The ECJ, following the Advocate General's recommendations, found in favour of the Commission in the appeal.

The ECJ held that the General Court had not erred in its interpretation of the AM & S decision and that, despite enrolment with a Bar or Law Society and any additional professional ethical obligations placed on an in-house lawyer, he cannot be deemed to be truly independent for the purposes of LPP.  The position of an in-house lawyer is inevitably influenced by and subject to the commercial strategies undertaken by the employer.  The ECJ supported the approach taken by the Advocate General, that the independence of lawyers should be framed positively, with reference to their professional ethical obligations, and negatively, by the absence of an employment relationship.

Furthermore, the argument proposed by Akzo and Akcros regarding the purported breach of the principle of equal treatment was dismissed by the ECJ.  The ECJ supported the view of the Commission that in-house lawyers and external lawyers are in fundamentally different positions and therefore can be treated differently in the application of LPP.

Additionally, the ECJ considered that a change in the established case law could not be justified by the developments in competition law since the judgment in AM & S and, further, that there was no discernable trend in Member States in favour of extending the scope of LPP to in-house lawyers.  The ECJ considered the EU rules on LPP formed part of the framework of restrictions and conditions that apply to lawyers in the exercise of their profession and that it is for the client to determine whom to seek advice from based on the framework applicable to that particular profession.

The ECJ additionally supported the view of the Commission that it was right to have LPP defined at an EU level to avoid the complexity and uncertainty in attempting to apply the differing national rules on LPP in the pursuit of EU competition investigations, thereby ensuring that undertakings are treated equally.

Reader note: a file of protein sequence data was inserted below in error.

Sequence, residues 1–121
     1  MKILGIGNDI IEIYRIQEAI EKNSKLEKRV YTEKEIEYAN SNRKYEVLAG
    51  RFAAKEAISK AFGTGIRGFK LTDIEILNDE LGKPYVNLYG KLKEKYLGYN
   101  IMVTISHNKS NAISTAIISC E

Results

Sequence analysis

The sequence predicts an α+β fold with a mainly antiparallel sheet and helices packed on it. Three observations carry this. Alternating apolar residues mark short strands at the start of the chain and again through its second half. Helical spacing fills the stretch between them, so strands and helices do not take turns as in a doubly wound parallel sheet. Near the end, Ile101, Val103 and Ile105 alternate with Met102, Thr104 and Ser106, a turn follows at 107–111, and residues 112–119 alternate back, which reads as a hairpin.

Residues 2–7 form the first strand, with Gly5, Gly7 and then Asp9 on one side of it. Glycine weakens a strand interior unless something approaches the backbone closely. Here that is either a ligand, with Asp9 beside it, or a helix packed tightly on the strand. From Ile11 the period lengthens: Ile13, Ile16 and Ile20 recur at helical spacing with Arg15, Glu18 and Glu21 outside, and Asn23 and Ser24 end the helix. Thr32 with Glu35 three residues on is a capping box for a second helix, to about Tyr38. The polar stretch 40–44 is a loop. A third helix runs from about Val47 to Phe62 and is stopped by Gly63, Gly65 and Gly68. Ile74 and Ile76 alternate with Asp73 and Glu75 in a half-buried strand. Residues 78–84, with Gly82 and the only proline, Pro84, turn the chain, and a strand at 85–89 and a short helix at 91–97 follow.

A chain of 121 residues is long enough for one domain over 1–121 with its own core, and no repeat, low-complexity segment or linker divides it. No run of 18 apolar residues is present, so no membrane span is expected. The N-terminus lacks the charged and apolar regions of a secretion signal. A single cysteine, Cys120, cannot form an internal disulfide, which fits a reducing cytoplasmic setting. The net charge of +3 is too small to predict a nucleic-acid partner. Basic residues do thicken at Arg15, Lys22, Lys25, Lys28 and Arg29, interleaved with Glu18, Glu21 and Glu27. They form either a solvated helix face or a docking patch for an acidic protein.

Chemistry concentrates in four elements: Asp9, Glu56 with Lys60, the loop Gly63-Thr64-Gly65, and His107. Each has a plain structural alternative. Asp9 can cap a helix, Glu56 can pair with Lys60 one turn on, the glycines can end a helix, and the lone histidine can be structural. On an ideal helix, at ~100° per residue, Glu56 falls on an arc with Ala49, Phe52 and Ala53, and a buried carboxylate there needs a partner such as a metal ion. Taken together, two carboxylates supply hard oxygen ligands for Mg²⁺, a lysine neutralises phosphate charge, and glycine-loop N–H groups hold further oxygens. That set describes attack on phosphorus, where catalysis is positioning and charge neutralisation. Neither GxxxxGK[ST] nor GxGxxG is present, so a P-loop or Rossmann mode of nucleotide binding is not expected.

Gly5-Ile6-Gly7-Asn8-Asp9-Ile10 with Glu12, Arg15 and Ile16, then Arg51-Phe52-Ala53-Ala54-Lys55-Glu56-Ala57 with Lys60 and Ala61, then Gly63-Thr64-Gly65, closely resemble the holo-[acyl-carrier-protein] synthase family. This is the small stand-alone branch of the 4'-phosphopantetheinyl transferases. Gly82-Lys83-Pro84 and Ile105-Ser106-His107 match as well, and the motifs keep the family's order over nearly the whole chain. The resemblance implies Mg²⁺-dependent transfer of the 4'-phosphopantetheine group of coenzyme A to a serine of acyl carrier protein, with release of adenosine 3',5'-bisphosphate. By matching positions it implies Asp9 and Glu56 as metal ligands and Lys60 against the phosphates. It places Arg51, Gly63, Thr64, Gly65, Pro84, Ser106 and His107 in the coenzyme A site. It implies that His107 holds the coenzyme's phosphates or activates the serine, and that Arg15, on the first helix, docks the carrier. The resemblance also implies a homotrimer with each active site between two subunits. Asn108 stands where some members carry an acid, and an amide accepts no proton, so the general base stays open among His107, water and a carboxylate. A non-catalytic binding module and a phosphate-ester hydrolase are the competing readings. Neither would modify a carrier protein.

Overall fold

Effect of the Judgment

This judgment affirms the longstanding approach of the EU courts to the question of LPP under EU law.  The appeal and its judgment consider most of the persuasive arguments raised by proponents of a change in the law.  None of these arguments were, however, deemed compelling enough, in the opinion of the ECJ, to alter its approach.  The judgment therefore can be seen to bring a degree of certainty to the privileges attached to the role of in-house lawyers in the EU. 

There remains, however, a divergence between the approach on an EU level and that in some of the Member States, including the UK.  Whether this decision will have a significant impact on the provision of in-house competition advice remains to be seen. 

The content of this article is intended to provide a general guide to the subject matter. Specialist advice should be sought about your specific circumstances.

To print this article, all you need is to be registered on

Click to Login as an existing user or Register so you can print this article.

In association with
Up-coming Events Search
Font Size:
Mondaq on Twitter
Register for Access and our Free Biweekly Alert for
This service is completely free. Access 250,000 archived articles from 100+ countries and get a personalised email twice a week covering developments (and yes, our lawyers like to think you’ve read our Disclaimer).
Email Address
Company Name
Confirm Password
Mondaq Topics -- Select your Interests
 Law Performance
 Law Practice
 Media & IT
 Real Estate
 Wealth Mgt
Asia Pacific
European Union
Latin America
Middle East
United States
Worldwide Updates
Check to state you have read and
agree to our Terms and Conditions

Terms & Conditions and Privacy Statement (the Website) is owned and managed by Mondaq Ltd and as a user you are granted a non-exclusive, revocable license to access the Website under its terms and conditions of use. Your use of the Website constitutes your agreement to the following terms and conditions of use. Mondaq Ltd may terminate your use of the Website if you are in breach of these terms and conditions or if Mondaq Ltd decides to terminate your license of use for whatever reason.

Use of